7 Tutorials for Learning Blackmagic’s DaVinci Resolve
In the following tutorials, we’ll cover some of the best tips, tricks, and advice for working with Blackmagic Design’s DaVinci Resolve.
From its digital color correction roots back in the 1980s, DaVinci Resolve has transformed from a software with no more than a hundred users in 2009, to a product user-base of over two million in 2019, which is a number matching Apple’s Final Cut Pro X at its height in 2017. It’s safe to say that DaVinci Resolve is now one of the most popular video editing applications (both for color correction and non-linear editing) for film and video professionals.
Yet, for many in the industry, DaVinci Resolve might seem a bit daunting. This is especially true for those who’ve been happy and comfortable with other editing platforms. However, if you’re someone starting out in video editing for the first time — or thinking about trying out a new platform for some specific changes — DaVinci Resolve is fast becoming a new editing workhorse for many.
So, let’s dive into some of the best tutorials to get you started.
Color Grading in DaVinci Resolve
In my professional film and video career — as both an editor and a shooter — DaVinci Resolve came up most often as one of the better solutions for working with color grading and specific situations, like the above — working with skin tones.
However, while the app is much more than just a color grading software, for many it’s still one of the best options for touching up colors and tones. In the tutorial above, we not only get some great insights into how to work with different skin tones, but also how to make masks, unify tones, pair imperfections, and separate mixed nodes.
You can read more about the whole process in this article here.
DaVinci Resolve Easy Screen Pump Effect
One cool, simple trick — which is pretty easy to uniquely pull off in DaVinci Resolve’s NLE editing platform — is the iconic “screen pump” effect. You know, the one from concert or music videos where the screen seems to bounce with the beat of the song?
In this quick tutorial, Jay Lippman shows us how to create this effect without going into color of fusion, but by simply applying some basic keyframing techniques.
How to Remove Objects in DaVinci Resolve
So, less than a year ago Adobe turned some heads when they announced their “Content Aware Fill” tool for After Effects. This tool blew fans and editors away with its almost science fiction-level technology. And, while it’s a great option for After Effects users, in the tutorial above you can see that DaVinci Resolve (which is a free program as a basic offering) has the exact same technology.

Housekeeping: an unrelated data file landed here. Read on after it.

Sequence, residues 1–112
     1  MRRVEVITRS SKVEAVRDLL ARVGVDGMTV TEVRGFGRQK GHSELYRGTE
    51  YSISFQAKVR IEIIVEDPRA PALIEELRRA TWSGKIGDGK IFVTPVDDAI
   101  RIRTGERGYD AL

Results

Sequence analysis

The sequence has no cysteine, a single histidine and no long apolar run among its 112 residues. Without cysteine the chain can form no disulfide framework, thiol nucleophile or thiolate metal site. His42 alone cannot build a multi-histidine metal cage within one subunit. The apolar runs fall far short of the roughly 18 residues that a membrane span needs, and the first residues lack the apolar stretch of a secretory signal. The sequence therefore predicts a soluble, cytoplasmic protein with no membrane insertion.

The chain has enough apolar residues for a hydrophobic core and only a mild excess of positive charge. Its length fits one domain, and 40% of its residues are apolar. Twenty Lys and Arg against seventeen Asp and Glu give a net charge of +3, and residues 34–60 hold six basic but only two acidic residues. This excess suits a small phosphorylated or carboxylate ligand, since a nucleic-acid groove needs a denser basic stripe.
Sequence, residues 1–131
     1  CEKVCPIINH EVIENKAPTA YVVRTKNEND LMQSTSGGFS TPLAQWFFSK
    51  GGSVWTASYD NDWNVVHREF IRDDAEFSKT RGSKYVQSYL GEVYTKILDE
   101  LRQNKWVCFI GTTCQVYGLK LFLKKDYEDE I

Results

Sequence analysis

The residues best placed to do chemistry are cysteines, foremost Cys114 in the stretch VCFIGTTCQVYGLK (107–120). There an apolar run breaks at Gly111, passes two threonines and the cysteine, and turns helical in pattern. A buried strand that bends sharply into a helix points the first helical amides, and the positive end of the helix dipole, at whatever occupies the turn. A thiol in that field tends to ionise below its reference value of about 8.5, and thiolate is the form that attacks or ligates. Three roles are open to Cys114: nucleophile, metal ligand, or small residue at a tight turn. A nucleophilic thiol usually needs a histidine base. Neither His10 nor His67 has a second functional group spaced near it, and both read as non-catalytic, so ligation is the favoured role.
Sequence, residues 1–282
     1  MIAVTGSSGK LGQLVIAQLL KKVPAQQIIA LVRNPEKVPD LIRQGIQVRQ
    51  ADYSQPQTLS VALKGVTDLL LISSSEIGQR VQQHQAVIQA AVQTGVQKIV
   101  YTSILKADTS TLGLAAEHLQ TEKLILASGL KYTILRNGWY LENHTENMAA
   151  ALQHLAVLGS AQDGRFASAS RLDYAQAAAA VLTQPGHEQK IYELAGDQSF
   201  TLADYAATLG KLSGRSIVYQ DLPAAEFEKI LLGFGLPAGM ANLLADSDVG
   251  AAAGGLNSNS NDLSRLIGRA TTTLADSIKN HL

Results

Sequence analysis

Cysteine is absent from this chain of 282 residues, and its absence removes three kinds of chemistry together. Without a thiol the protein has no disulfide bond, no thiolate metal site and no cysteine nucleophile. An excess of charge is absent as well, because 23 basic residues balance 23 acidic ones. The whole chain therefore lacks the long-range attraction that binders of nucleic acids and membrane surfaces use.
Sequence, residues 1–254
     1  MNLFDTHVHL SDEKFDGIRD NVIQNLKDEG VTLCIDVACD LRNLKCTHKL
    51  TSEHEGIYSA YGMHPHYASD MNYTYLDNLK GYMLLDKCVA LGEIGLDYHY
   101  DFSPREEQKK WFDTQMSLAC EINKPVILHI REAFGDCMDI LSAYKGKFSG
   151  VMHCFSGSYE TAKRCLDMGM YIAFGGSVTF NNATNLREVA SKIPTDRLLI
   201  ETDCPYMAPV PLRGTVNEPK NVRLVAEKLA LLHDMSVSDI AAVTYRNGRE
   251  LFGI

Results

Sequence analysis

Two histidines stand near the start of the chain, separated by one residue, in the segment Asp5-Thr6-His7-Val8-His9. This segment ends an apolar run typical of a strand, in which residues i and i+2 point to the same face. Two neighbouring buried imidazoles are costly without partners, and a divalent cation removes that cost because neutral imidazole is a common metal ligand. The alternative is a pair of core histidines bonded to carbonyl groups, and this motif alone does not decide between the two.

You can follow along in the tutorial above, or check out this full article to learn how to use the Content Aware Fill on your Resolve projects.
Basic Fusion and Compositing
Getting back to the basics in this tutorial by Casey Faris, we dive into a quick primer on how to navigate DaVinci Resolve, and the first steps you’ll need to take when just getting started. In many ways, the platform is quite similar to other popular NLEs. But, once you start really getting into the fusion and composition, it might help to have a guide in order to understand what’s going on — plus all the advanced options at your control.
Using DaVinci Resolve’s Face Refinement Tool
As a good partner video and article to go along with the skin tone editing tutorial at the top of our list, DaVinci Resolve’s “Face Refinement Tool” is truly a remarkable tool video editors and color correctors/graders will love. DaVinci’s Face Refinement Tool was introduced in DaVinci Resolve 14, as seen in the video above.
If you really want your models, subjects, or actors to look their best in your film and video projects, check out the full, in-depth article here.
Create Neon Animations in DaVinci Resolve
In case you haven’t seen the trendy and stylized looks created by Blotter Media, you should definitely check out the channel here. And, if you’d like to add it to your films and videos, we have a great tutorial to recommend. Editor Jamie Fenn breaks down how to add the neon animations to your projects.
Taking a simple example using his fingers, Fenn takes you through creating the painted, soft glows and the frame-by-frame technique of creating your custom animations.
THE Total Guide to the Best Free Video Editor
Finally, if you’ve checked through the videos above and feel like you’re ready to fully dive into DaVinci Resolve and truly MASTER the platform as one of your regular editing options, we actually have a multi-episode course that’ll teach you the following:
- How to Organize and Import Media in Resolve
- How to Use the Edit Page in Resolve
- How to Edit Your Video in DaVinci Resolve
- How to Edit Audio in DaVinci Resolve
- How to Render or Export in DaVinci Resolve
- How to Set Up Basic User Settings in DaVinci Resolve
- How to Color Correct and Color Grade in DaVinci Resolve
You can read more about the full course guide and check out some of the individual episodes in this full article here.
Cover image via DaVinci Resolve.
For more DaVinci Resolve and video editing tips, tricks, and resources, check out some of these articles below.
- Color Grading Tips: The Ins and Outs of Correcting for a Pink Sky
- How to Use the Shared Node Feature in DaVinci Resolve
- Color Grading: Working with the Hue vs. Curves in DaVinci Resolve
- Your Guide to Working with Project Files in DaVinci Resolve
- Quick Tip: How to Use Optimized Media in DaVinci Resolve